Question 1 Draw a distance-time graph to show the motion of a car moving with a uniform speed?

Question 2 Draw a distance-time graph to show the motion of a car moving with a non-uniform constant speed?

Question 3 Draw a distance-time graph when the object is stationary?

Question 4 State few advantages of drawing distance-time graph?

Question 5 In a distance-time graph what type of motion does a straight line represent?

Question 6 In a distance-time graph what type of motion does a curved line represent?

Question 7 What is a bar graph?

Question 8 What is a pie chart?

Contents

**Graphical Representation of Motion**

A **distance-time graph** shows how distance travelled by a moving object changes with time.

**(1) Distance-Time Graph for Uniform Speed (or Constant Speed)**

When an object moves with a uniform speed (or constant speed), it travels equal distances in equal intervals of time. So, the distance travelled is directly proportional to time. When the two things are directly proportional to each other, then the graph drawn between them is a straight line.

Thus, the distance-time graph of an object moving with a uniform speed (or constant speed) is a straight line. The straight line graph OB is sloping upwards showing that as the time increases, the distance travelled by the object increases in the same proportion.

So, if the distance-time graph of an object is a straight line, it indicates that the object is moving with a uniform speed (or constant speed).

The** slope** (or slant) of a distance-time graph indicates the speed of the object.

(a) If the distance time graph has a low slope (it is less steep), then the object has low speed.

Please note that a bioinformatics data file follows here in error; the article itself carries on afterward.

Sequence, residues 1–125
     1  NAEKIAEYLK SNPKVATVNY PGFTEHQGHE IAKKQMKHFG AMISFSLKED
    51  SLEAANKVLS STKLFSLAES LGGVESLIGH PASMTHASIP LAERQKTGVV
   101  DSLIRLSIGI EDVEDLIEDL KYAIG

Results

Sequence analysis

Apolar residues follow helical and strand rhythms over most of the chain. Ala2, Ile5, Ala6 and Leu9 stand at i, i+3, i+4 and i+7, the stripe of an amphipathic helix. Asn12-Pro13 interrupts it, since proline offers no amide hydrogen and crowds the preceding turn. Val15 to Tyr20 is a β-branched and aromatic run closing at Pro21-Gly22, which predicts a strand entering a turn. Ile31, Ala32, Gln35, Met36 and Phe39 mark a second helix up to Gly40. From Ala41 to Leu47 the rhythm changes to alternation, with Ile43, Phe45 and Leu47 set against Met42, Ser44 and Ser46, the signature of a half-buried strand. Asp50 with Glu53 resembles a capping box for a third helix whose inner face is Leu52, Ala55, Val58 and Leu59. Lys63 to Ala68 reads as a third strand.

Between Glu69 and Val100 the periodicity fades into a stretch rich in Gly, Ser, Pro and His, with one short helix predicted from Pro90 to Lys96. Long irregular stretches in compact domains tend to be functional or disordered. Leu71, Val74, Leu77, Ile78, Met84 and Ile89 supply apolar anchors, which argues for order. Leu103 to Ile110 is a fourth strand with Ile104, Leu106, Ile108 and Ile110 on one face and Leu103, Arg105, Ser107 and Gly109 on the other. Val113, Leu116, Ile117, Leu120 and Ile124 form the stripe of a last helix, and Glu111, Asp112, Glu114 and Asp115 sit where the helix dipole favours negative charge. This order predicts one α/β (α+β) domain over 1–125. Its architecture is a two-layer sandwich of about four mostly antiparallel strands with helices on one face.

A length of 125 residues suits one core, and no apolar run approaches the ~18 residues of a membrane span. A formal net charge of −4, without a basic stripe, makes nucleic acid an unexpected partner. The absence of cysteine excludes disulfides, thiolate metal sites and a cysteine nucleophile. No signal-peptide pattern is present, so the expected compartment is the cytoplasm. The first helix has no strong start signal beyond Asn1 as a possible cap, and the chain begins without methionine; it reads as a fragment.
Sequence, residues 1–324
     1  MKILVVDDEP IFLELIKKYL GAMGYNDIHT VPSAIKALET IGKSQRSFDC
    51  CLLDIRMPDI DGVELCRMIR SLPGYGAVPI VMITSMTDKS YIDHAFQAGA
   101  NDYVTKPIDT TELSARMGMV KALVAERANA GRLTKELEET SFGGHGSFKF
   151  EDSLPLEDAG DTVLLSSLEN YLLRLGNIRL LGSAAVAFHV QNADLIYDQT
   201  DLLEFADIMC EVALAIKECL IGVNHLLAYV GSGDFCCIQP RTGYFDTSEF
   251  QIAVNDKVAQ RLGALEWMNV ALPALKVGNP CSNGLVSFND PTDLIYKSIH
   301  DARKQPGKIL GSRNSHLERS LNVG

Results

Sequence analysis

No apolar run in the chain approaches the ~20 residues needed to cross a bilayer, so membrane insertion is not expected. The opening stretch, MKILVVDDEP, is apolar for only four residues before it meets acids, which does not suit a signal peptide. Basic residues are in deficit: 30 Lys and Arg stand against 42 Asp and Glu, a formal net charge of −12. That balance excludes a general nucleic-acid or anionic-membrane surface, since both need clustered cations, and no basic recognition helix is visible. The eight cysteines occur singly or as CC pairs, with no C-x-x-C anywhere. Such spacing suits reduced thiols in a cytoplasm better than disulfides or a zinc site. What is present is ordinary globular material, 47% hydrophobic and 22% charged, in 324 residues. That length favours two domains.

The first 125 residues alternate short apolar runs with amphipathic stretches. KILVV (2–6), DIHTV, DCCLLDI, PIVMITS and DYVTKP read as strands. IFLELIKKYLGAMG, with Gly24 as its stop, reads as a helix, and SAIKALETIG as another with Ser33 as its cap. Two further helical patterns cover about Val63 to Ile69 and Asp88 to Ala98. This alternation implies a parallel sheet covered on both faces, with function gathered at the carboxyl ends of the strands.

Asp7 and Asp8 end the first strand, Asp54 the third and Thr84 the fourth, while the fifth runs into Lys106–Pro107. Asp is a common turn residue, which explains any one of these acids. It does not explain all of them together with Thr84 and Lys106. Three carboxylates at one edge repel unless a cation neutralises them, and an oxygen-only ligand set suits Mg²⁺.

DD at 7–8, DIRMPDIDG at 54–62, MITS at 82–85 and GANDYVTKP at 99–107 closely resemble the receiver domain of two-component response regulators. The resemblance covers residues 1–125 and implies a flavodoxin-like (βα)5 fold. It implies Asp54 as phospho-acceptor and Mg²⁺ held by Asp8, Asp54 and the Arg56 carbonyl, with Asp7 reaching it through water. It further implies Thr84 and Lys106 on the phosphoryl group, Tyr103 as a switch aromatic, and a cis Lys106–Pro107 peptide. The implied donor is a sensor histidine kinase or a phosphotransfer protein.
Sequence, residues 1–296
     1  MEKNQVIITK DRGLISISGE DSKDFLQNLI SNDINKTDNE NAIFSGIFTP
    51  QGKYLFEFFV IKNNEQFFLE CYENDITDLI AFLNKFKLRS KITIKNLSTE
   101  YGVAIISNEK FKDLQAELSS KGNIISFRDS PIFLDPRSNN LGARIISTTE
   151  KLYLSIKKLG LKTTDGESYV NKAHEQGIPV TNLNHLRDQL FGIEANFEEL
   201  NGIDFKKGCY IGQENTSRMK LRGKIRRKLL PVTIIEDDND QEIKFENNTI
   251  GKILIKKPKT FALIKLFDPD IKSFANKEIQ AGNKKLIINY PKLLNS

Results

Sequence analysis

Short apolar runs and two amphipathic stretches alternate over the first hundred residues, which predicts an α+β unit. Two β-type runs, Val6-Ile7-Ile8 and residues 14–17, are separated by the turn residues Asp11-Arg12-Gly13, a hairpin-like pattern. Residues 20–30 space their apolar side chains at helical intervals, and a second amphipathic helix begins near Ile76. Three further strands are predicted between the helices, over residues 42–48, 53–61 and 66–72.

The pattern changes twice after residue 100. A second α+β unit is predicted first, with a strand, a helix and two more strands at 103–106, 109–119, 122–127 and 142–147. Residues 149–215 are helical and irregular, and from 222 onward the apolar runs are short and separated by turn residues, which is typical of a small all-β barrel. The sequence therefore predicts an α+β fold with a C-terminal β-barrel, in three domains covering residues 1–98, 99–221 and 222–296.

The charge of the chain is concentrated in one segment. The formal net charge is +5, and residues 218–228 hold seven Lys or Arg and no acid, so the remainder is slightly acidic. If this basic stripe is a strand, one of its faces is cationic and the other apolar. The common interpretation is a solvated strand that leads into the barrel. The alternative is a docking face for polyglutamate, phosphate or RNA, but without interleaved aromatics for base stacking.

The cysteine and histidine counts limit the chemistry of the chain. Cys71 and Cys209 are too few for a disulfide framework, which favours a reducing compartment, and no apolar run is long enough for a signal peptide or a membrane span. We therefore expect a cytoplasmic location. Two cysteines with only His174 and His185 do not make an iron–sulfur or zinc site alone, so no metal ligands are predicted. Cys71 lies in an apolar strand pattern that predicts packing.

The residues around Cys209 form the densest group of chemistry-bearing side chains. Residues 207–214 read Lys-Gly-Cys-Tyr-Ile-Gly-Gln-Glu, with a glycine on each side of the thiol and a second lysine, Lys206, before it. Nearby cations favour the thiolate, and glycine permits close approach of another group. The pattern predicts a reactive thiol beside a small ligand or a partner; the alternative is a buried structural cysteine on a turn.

(b) If the distance-time graph has a higher slope (it is more steep), then the object has a higher speed.

Just by looking at the slopes of two distance-time graph lines drawn on the same paper, we can tell which of the two objects is moving faster and which is moving slower. This is because greater the slope of a distance-time graph, the higher will be the speed.

In Figure , distance-time graphs have been drawn for two moving objects. Now, graph B has a smaller slope (it makes smaller angle with -axis), so graph B represents a lower speed.

The graph A has a greater slope (it makes a greater angle with x-axis), therefore, graph A represents a higher speed. So, we can now say that the object having distance-time graph A is moving faster than another object whose distance-time graph is B.

**(2) Distance-Time Graph for Non-Uniform Speed (or Changing Speed)**

When an object moves with a non-uniform speed (or changing speed), it travels unequal distances in equal intervals of time. In this case, the distance travelled by object is not directly proportional to time and hence the distance-time graph is not a straight line.

The distance-time graph for an object moving with non-uniform speed (or changing speed) is a curved line. Thus, a curved line graph between distance and time tells us that the object is moving with a non-uniform speed (or changing speed).

The distance-time graph in the form of a curved line tells us that the object is moving with a speed which is not constant.

**(3) Distance-Time Graph When the Object is Stationary (Not Moving)**

After travelling a certain distance, when a moving object stops moving (or becomes stationary), then the distance travelled by it does not change with time, it remains the same (or constant).

The distance-time graph for an object which stops moving (or becomes stationary) is a straight line parallel to the time-axis (or x-axis).

A straight line graph parallel to the time-axis shows that the speed of object is zero. The distance-time graph for a stationary object is a horizontal line. (see line AB).

(a) If the distance-time graph of an object is a straight line, then it is moving with a constant speed. (The greater the slope of distance-time graph, the greater the speed)

(b) If the distance-time graph of an object is not a straight line (it is a curved line), then the speed of is not constant. The speed is changing.